Williams, for example, is a good fit with Ozminkowski because the two bring different strengths to the business. While Ozminkowski focuses on financial matters, Williams focuses his attention on the technical side of the business.
 
Williams, who has known Ozminkowski perhaps 25 years, speaks of his honesty and fairness.
 
"He looks at every situation with an open mind," Williams says, adding that while Ozminkowski is a quick thinker, he does not make snap judgments. "He looks out for his employees, as well as the company."

Baseball fan
Ozminkowski lives in Penfield and is engaged to Phyllis Miller. He has three adult children: Philip, 33, Matt, 23, and Lisa, 21.
 
When not working, Ozminkowski enjoys spending time with his family, playing with his dogs-a chocolate Lab and Havanese-as well as golfing and reading, particularly historical non-fiction and works by Ayn Rand, best known for "Atlas Shrugged" and "The Fountainhead."
 
He is also a baseball fan and has been a member of the Rochester Red Wings board of directors since 1984. His favorite teams include the Cincinnati Reds, which he has liked since it was dubbed the Big Red Machine due to its dominant run in the 1970s.
 
He is also a fan of the Baltimore Orioles-partly because of former Oriole, Red Wing and Hall of Famer Cal Ripken Jr., whom Ozminkowski has met-and the Minnesota Twins, major league affiliate of the Red Wings.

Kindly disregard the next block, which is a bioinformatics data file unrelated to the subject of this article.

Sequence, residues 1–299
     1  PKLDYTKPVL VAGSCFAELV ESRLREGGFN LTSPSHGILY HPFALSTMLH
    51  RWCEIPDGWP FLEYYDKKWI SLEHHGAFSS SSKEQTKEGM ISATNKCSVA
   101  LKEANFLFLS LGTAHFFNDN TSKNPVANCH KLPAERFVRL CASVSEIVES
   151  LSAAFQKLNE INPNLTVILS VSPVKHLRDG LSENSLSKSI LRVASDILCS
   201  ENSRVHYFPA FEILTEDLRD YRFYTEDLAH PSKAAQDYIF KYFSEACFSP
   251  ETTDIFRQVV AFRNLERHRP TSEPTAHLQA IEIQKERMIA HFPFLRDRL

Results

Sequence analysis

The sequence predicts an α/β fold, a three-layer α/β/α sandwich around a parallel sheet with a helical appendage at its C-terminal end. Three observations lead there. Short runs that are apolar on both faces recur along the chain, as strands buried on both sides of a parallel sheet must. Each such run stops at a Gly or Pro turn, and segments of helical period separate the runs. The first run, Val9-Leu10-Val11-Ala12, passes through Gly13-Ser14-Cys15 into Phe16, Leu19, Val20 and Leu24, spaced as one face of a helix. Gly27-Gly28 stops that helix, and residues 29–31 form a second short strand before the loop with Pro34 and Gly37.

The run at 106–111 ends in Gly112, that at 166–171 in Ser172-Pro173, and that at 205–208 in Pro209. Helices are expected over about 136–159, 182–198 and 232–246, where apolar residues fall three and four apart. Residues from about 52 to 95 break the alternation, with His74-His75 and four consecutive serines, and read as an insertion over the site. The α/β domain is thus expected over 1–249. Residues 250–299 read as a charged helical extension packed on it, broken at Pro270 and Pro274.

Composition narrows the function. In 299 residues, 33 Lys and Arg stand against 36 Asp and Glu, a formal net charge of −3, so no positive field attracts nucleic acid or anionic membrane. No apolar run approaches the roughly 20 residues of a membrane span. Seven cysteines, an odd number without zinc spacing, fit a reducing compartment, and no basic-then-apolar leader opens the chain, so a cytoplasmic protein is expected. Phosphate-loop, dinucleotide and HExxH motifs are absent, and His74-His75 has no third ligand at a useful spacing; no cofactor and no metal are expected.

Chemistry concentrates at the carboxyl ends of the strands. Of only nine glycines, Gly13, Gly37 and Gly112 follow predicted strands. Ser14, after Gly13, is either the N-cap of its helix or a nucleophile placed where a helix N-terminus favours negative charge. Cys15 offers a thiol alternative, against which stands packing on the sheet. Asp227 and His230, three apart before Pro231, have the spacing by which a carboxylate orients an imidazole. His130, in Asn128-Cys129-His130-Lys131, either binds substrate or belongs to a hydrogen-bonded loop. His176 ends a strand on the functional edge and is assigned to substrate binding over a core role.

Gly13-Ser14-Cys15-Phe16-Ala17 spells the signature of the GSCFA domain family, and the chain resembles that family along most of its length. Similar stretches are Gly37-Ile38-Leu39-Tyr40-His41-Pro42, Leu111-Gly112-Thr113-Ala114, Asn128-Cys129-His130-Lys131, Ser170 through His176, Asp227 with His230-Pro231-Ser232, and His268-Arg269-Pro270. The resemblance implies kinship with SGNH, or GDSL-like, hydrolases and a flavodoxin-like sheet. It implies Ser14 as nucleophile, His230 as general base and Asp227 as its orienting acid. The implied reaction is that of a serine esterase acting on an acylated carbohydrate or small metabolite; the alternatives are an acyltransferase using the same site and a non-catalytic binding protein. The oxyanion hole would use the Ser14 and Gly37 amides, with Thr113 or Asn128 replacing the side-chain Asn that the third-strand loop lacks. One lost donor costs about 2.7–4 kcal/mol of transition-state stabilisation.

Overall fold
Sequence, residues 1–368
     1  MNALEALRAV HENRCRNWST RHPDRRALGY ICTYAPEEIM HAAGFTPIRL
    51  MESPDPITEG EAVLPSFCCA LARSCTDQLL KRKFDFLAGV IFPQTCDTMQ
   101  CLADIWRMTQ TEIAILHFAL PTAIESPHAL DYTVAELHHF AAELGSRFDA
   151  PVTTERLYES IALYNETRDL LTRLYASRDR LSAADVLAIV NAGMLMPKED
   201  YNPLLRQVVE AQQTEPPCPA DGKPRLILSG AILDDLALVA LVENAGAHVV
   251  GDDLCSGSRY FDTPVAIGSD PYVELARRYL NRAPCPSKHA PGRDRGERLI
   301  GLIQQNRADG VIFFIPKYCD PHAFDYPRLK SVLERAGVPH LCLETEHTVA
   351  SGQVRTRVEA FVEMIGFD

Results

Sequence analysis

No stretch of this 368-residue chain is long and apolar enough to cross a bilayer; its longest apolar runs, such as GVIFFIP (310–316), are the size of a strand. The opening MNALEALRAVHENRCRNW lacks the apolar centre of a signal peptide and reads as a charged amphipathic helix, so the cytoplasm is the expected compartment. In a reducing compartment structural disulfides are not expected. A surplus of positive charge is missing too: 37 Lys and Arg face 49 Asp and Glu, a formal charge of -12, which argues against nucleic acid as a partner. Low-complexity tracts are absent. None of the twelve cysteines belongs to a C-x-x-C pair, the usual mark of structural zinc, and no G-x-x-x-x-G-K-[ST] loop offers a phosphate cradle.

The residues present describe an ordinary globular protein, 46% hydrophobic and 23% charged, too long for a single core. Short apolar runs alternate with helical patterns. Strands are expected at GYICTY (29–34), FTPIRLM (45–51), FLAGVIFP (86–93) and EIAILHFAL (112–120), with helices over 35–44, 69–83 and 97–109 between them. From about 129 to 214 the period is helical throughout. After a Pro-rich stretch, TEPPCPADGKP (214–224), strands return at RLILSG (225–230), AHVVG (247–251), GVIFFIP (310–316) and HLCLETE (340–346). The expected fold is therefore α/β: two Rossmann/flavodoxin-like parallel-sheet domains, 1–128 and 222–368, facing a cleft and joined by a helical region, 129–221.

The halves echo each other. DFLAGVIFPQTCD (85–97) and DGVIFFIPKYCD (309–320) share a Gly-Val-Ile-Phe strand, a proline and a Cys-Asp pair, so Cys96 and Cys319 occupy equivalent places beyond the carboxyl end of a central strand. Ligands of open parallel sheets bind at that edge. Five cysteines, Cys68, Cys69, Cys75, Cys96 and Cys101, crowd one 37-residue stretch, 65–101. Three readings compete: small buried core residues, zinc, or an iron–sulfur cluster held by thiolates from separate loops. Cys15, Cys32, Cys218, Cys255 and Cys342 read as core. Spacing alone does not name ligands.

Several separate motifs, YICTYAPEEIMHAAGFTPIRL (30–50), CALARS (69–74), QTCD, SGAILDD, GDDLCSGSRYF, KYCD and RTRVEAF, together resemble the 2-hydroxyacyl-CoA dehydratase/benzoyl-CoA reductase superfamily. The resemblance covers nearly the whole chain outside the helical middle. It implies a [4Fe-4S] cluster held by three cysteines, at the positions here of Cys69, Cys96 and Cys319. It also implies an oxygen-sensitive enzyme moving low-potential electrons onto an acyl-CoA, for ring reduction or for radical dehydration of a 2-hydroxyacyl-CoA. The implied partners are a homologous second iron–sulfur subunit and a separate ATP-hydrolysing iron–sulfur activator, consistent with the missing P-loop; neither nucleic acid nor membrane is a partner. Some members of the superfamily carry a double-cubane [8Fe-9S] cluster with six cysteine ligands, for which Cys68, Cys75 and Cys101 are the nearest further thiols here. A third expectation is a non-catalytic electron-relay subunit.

Naomi Silver, Rochester Red Wings chairman and chief operating officer, first became acquainted with Ozminkowski when he joined the Red Wings board. He has been an asset to the organization, she says.
 
"Paul is one of those people who is really very dedicated," Silver says. "When he is involved with something, he sees it through."
 
Silver also described Ozminkowski as an easygoing person who takes into account other people's opinions when working on an issue.
 
"Everyone loves working with Paul," Silver says.
 
Ozminkowski views everything-from leading the company to serving in the community-as a learning experience.
 
"I've seen my share of successes and failures and have learned from both," he says.

Paul Ozminkowski
Position: President, VI Manufacturing Inc.
Age: 55
Education: B.S. in accounting, Rochester Institute of Technology, 1979
Family: Fiancee Phyllis Miller; children Philip, 33, Matt, 23, and Lisa, 21
Residence: Penfield
Activities: Golfing, reading, watching baseball
Quote: (On going from working as an accountant to running a manufacturing company) "It definitely is a different dynamic. The people here are talented craftsmen who make parts that still amaze me."

5/24/13 (c) 2013 Rochester Business Journal. To obtain permission to reprint this article, call 585-546-8303 or email service@rbj.net.